‘The Earth Of Yunhe’ by Eric Gregory
Xiaohao has invented a whizzy bit of nanotech that cleans contaminated soil whilst also converting it into a “massive solar power plant, communications hub, and computational substrate”. Hooray! He promptly defects from Ecclesia, the “metanation” who have bankrolled his research, to take his invention back to his home town, Yunhe in China, which has been devastated by industrial pollution. They equally promptly charge him with sedition for formenting revolution with foreign technology and his dad, who happens to run the town, gives him a good kicking and throws him in jail. Never fear though, our narrator is his sister who soon allies herself to Xiao’s plan and organises an amazingly quick, easy and non-violent revolution. Optimistic indeed.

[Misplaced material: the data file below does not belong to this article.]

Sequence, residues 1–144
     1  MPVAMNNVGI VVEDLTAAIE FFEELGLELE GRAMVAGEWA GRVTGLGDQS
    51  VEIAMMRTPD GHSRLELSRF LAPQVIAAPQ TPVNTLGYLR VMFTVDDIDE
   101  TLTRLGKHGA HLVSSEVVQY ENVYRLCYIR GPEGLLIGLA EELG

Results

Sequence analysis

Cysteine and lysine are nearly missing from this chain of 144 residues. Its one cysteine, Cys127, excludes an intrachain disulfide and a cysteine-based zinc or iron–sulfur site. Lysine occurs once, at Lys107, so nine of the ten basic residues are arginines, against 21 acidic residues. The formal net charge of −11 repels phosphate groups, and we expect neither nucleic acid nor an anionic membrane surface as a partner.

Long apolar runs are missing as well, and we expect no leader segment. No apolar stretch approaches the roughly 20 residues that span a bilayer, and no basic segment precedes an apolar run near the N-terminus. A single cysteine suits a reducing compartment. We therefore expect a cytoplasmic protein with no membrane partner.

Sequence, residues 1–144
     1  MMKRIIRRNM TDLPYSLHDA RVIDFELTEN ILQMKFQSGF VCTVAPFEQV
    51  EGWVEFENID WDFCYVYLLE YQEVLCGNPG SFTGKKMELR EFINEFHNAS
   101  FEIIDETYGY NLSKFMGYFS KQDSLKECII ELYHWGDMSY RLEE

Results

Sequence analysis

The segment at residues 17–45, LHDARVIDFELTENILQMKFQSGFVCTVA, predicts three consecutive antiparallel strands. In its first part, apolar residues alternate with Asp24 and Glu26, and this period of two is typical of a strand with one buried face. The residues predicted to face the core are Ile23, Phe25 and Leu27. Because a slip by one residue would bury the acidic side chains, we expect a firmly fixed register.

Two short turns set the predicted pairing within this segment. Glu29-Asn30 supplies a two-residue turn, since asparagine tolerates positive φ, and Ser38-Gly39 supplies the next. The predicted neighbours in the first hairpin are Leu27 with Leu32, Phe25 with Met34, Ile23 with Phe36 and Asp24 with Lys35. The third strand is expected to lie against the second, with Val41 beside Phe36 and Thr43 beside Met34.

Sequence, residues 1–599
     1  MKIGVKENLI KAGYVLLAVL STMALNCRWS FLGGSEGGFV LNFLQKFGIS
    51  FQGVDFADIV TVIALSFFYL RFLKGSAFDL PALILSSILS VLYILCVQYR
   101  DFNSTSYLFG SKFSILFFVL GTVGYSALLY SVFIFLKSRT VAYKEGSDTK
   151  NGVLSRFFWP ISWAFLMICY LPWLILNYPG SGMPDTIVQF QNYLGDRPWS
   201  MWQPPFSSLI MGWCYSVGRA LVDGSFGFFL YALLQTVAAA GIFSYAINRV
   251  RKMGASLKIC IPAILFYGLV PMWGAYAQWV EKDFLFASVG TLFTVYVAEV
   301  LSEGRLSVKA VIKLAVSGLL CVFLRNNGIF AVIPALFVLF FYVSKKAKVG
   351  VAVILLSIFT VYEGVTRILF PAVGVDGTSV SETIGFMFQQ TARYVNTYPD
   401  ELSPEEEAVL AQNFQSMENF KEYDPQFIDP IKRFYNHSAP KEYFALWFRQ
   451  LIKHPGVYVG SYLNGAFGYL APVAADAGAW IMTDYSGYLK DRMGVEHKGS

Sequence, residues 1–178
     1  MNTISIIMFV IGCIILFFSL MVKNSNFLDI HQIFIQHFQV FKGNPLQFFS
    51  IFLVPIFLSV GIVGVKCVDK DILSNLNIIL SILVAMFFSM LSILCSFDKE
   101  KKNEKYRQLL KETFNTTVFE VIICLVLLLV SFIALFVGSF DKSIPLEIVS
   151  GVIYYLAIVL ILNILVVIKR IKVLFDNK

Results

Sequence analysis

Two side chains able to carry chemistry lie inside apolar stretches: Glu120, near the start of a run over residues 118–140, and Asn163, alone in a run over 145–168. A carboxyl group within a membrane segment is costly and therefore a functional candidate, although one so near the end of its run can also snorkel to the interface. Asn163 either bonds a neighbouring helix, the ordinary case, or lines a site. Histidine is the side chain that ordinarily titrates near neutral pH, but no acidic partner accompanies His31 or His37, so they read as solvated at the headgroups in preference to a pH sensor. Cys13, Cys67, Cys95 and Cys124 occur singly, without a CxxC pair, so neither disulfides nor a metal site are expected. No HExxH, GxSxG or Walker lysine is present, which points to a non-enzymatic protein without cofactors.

‘The Earth Of Yunhe’ highlights the problem with Jetse de Vries’s call for solutions. Xiao’s invention is essentially a magic bean; this is not constructive thinking so much as wish fulfillment. The story itself suffers from being so compressed that all its events seem ludicrous or contrived or both.